She’s both very wrong and very caught up in something larger: Society is hungry for scapegoats to assuage our own complicity and guilt, and Reid would make a good sacrifice. The furor over Reid’s homophobic and transphobic comments can’t be divorced from her Black womanhood. Racism and sexism often dictate how we culturally engage with Black women, and there was a certain sense of glee among some of her critics—such as Eric Wemple, who produced a sarcastic takedown for the Washington Post when her misdeeds were uncovered.
From her series of blog posts and recently voiced opinions on members of the trans community to her trying to cover it up, what Reid did was categorically wrong—and she should be held accountable for that. At the same time, it should be possible to talk about cultural double standards. About why a Black woman who said some very bad things appears to be facing more social consequences than a slew of abusive men who have done very bad things. No one deserves a free pass for abusive behavior, so why are some people getting just that?
It’s easy to look to high-profile examples and say things are changing. R. Kelly and Bill Cosby’s rightful reckoning is finally coming. Notorious rapist and acclaimed filmmaker Roman Polanski was just ejected from the Academy of Motion Picture Arts and Sciences, alongside Cosby. But other abusive men who were facing “ruined careers” (a.k.a accountability for their actions) are already quietly rehabilitating themselves. #MeToo has barely begun popularizing itself and yet the revolving door of shitty men is back at work: Tom Brokaw faced sexual harassment allegations, and 60 of his upstanding female colleagues, including progressive darlings like Maddow, leapt to his defense. Jeffrey Tambor got a loving profile in the Hollywood Reporter in the aftermath of sexual harassment allegations from a Transparent costar and his former personal assistant.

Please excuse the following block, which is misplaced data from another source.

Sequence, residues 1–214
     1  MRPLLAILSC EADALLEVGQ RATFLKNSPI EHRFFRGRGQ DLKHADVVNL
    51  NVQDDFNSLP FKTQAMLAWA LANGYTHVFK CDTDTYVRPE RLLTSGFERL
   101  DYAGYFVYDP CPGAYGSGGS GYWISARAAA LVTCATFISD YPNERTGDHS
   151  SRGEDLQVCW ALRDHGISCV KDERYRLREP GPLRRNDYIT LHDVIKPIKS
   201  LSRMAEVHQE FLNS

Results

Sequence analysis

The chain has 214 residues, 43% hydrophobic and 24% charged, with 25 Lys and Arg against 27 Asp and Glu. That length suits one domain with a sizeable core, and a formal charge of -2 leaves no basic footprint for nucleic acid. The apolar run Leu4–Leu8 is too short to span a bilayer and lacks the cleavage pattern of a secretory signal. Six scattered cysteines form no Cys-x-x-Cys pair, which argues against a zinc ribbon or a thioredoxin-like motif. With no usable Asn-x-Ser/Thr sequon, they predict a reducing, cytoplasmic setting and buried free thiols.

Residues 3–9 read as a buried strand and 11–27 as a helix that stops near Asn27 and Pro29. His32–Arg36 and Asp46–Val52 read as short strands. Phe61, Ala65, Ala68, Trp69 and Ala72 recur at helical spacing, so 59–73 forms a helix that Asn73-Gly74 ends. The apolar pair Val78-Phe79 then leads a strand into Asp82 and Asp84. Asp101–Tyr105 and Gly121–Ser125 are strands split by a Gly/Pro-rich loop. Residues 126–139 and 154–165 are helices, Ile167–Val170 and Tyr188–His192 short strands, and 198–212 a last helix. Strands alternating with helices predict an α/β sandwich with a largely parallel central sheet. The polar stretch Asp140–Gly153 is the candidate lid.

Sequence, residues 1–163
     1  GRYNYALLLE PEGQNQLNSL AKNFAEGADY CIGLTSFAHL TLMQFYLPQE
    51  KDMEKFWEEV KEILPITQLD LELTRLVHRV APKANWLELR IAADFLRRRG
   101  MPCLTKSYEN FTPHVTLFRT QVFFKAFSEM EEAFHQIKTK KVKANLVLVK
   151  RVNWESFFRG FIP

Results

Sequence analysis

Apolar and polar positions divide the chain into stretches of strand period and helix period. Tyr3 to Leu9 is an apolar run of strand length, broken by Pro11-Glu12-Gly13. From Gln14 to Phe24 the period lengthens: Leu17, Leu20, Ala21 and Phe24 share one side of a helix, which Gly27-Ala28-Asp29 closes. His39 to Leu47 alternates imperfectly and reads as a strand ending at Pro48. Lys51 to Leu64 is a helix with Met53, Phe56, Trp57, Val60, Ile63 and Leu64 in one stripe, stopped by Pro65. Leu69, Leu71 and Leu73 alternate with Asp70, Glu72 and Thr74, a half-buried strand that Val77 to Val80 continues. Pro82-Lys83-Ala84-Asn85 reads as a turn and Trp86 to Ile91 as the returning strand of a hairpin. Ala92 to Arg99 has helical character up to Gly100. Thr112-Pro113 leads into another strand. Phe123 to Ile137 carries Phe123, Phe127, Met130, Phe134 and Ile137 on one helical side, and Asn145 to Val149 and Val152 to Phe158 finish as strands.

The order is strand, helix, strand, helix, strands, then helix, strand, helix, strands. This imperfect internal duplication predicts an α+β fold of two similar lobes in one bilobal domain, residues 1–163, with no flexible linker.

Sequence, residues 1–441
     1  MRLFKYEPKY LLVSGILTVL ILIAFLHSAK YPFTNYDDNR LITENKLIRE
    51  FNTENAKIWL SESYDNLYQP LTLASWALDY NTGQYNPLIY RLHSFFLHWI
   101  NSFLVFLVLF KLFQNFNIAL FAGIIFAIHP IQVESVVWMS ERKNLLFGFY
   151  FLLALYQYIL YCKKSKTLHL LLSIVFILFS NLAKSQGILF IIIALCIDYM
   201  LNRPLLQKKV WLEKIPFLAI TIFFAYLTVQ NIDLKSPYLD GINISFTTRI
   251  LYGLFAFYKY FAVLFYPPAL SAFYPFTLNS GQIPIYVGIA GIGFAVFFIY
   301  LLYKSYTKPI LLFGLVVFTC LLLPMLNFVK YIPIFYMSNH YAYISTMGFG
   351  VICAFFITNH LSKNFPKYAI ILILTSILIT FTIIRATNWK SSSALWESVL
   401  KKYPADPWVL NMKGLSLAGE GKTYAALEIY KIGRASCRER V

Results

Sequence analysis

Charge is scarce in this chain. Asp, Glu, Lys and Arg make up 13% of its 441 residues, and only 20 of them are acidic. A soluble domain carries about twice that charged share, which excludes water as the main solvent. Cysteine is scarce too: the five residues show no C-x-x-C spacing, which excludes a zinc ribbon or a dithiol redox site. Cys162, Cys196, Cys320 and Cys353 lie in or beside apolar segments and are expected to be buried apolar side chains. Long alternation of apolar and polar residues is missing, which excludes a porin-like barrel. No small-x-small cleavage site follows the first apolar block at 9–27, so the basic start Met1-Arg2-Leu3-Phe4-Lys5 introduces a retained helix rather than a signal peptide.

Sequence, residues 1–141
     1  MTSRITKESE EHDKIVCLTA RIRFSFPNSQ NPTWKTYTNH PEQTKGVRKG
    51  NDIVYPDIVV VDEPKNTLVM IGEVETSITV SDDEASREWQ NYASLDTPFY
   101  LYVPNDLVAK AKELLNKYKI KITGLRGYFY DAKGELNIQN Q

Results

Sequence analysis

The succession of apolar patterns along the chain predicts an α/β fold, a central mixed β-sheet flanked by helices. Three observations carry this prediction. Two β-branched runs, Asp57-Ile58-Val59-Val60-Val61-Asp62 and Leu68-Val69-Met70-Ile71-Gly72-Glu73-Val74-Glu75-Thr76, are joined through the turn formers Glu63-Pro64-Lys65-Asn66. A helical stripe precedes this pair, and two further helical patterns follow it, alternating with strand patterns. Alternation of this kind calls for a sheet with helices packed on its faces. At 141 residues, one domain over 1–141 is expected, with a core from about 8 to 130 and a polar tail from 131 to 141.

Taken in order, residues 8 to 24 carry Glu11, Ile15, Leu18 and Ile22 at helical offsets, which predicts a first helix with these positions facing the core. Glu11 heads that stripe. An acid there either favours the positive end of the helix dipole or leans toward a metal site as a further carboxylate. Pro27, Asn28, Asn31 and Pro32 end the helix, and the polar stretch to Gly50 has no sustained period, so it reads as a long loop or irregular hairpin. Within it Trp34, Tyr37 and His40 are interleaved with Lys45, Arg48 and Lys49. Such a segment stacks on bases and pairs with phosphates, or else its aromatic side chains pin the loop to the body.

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It’s hard to escape the idea that we collectively “owe” some public figures assumptions of good faith, redemption, and the belief that their heartfelt apologies are not just atonement but absolution. For others, meanwhile, there is no mercy, and race often plays a role here as well. Look at how Chris Brown became reviled long before #MeToo while Johnny Depp still lands leading roles and receives ardent defenses from J.K. Rowling and Benicio del Toro. Arguably, this unwillingness to address abusive behavior on equal footing is what landed us here in the first place; it’s why white men continue to thrive even as their victims cry out for justice and why being held accountable feels “disproportionate” to some viewers.
The use of “people change” or “I don’t think that anymore” as an excuse to avoid accountability is why it becomes so difficult to have conversations about genuine atonement, because people do change. Many of us probably said or wrote things in 2007 that we do not believe today, and while we likely wouldn’t appreciate being reminded of their existence, that confrontation could be an important moment for us and the world. Yes, we said those things. We should own them. They were wrong, and no one owes us anything in response to our decision to take responsibility for our mistakes. Here’s how we’ve spent the subsequent decade trying to make good on past misdeeds—and how that differentiates us from those who apologize with their hands caught in the cookie jar and very clearly don’t mean it.
When “people change” is simply used as a throwaway comment to dismiss harmful behavior and its consequences, it begins to ring hollow. As little more than an excuse, not a genuine engagement with the way people evolve. It reflects a culture where people demand neat, pat, instantaneous answers to very complicated, difficult discussions that need to unfold over days, weeks, or even longer periods of time. And this is unfortunate, because in a world without the possibility for authentic redemption, there’s little motivation for people to strive toward genuine improvement.